Part J in The Insiders Economic Dictionary
Jubilee Year: In Judaic Law (Leviticus 25) a Clean Slate to be proclaimed every 50 years annulling personal and agrarian debts, liberating bond-servants to rejoin their families, and returning lands that had been alienated under economic duress. Long thought to have been merely a literary religious ideal, the policy has now been traced back to royal proclamations issued as a matter of course in Sumer and Babylonia in the third and second millennia BC. (See Bronze Age.) Read more.
Junk bonds: High-interest bonds, developed in the 1980s primarily by Michael Milken at Drexel Burnham to finance corporate takeovers. Mr. Milken was sent to jail for securities fraud and Drexel was disbanded as a result of insider trading scandals, for which Ivan Boesky was convicted. The damage caused by junk bonds included widespread bankruptcies of savings-and-loan associations (S&Ls) and other creditors who bought such bonds.
The fiscal ruling that made junk bonds possible was that interest-payments to bondholders and bankers were tax-exempt, whereas stock dividends had to be paid after first paying income taxes. At a 50% income-tax rate, this meant that companies could pay out twice as much pre-tax income as interest than they could pay as dividends. The government lost an equivalent amount of taxes, contributing to the sharp rise in U.S. public debt in the 1980s, as high interest charges left little or no revenue left to declare as profits.
Junk bonds were economically destructive for a number of reasons. Bondholders were paid off not so much by operating companies more efficiently as by downsizing the labor force, outsourcing it, and breaking up the company and selling its parts off piecemeal. Even companies that were not taken over suffered, as prospective target companies were obliged to resort to poison pills, loading themselves down with debt (or undertaking mergers on their own) to make it uneconomic for raiders to take them over.
Junk science: A theory or postulated relationship pretending to be scientific but sponsored by a special interest group to divert analysis away from reality. (See Factoid, Neoclassical Economics, Neoliberal, Neoconservative, Monetarism, Parasitism, Social Market, Science of Assumptions, Washington Consensus and Wrong Turn.)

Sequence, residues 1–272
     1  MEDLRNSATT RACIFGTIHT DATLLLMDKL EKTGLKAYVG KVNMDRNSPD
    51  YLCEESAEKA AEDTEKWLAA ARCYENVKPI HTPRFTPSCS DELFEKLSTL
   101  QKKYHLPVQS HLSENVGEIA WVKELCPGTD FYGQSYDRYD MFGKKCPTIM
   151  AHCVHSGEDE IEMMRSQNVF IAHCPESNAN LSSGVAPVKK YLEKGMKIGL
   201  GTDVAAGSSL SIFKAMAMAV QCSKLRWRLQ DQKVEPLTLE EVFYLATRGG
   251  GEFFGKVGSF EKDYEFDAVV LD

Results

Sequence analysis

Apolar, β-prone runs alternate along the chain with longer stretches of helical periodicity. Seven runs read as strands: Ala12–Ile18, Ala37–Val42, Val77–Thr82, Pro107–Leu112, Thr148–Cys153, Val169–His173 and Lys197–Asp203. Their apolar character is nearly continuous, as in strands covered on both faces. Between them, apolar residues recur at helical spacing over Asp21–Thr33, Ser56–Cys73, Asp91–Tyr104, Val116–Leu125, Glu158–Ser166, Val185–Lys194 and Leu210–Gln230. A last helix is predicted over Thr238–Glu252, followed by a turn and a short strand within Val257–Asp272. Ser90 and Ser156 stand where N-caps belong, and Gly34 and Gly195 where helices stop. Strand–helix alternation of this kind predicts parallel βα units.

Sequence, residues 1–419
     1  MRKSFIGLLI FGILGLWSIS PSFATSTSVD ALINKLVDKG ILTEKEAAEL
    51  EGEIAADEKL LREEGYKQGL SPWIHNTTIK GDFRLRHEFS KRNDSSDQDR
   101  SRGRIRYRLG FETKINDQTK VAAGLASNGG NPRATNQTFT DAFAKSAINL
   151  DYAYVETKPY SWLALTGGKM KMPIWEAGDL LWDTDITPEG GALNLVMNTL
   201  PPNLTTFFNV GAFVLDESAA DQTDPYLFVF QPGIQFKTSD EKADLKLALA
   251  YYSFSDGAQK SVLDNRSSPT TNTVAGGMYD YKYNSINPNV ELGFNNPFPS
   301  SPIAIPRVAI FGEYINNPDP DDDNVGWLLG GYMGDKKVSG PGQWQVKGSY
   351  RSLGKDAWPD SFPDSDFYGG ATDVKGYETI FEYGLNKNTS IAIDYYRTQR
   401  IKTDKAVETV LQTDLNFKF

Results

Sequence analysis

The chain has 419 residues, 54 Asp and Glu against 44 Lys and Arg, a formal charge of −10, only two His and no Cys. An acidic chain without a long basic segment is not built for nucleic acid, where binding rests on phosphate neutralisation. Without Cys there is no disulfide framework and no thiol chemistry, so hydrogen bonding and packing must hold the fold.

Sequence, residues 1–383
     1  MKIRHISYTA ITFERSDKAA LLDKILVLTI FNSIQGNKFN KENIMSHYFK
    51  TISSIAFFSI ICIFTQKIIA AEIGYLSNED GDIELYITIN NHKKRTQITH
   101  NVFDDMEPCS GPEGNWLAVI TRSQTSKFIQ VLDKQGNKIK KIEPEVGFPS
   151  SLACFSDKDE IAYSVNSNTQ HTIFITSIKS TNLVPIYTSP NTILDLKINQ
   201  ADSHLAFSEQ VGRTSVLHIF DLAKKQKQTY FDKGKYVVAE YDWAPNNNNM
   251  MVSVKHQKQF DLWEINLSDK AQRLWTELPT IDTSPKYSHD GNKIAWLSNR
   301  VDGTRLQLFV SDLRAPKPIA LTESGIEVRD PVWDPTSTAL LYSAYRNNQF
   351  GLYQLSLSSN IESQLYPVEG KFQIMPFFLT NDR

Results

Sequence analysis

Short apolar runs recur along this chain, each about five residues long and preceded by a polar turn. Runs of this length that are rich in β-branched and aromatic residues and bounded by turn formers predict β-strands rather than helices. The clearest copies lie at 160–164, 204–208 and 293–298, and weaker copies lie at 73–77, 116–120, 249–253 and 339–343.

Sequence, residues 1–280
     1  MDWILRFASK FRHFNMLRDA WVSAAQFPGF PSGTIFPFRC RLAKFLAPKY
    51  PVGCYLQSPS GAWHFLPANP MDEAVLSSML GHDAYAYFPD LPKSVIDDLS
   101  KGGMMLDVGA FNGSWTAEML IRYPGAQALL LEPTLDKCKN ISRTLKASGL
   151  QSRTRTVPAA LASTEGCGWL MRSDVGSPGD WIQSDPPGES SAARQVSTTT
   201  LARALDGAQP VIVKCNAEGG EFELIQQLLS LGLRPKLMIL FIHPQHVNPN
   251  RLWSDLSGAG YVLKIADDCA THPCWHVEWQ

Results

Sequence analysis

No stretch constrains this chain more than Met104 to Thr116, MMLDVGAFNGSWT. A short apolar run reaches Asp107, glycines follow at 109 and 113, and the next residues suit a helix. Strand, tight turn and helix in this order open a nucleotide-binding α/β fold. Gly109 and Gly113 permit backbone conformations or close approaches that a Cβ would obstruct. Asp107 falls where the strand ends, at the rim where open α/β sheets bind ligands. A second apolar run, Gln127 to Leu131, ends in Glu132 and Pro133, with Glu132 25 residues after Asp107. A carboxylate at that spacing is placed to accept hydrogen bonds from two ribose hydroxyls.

Keynes, John Maynard (1883-1946): In the 1920s, Keynes became the major critic of the World War I legacy of international Inter-Ally debts and German reparations. Against the monetarist ideology that market prices and incomes would fall in debtor countries, supposedly enabling them to pay virtually any given level of debt, Keynes explained that there were structural limits on the ability to service debts. Accusing Europe’s arms and reparations debts of exceeding these limits, Keynes provided the logic for debt write-offs based on the ability to pay.
Keynes’s Treatise on Money (1930) developed a theory of money and credit as debt, and in 1936 as the Great Depression spread throughout the world, published his best-known work, his General Theory of Employment, Interest and Prices, which pointed out that Say’s Law had ceased to operate as savings were not spent, diverting payments away from markets for goods and services. Yet this book’s theorizing about saving did not address the tendency for debts to grow exponentially, in chronic excess of the economy’s ability to carry this financial overhead. He came to view savings simply as non-spending on goods and services, not as increasing the economy’s debt overhead by being lent out.
Kleptocrats: Members of Russian President Boris Yeltsin’s “family” and other biznezmen typically government bureaucrats or other insiders who stole public-sector assets for themselves after the demise of the Soviet state in 1991, simply by registering these assets in their own names or those of banks and other corporate shells they created with government acquiescence. (See Free Market, Privatization, Reformers and Washington Consensus.)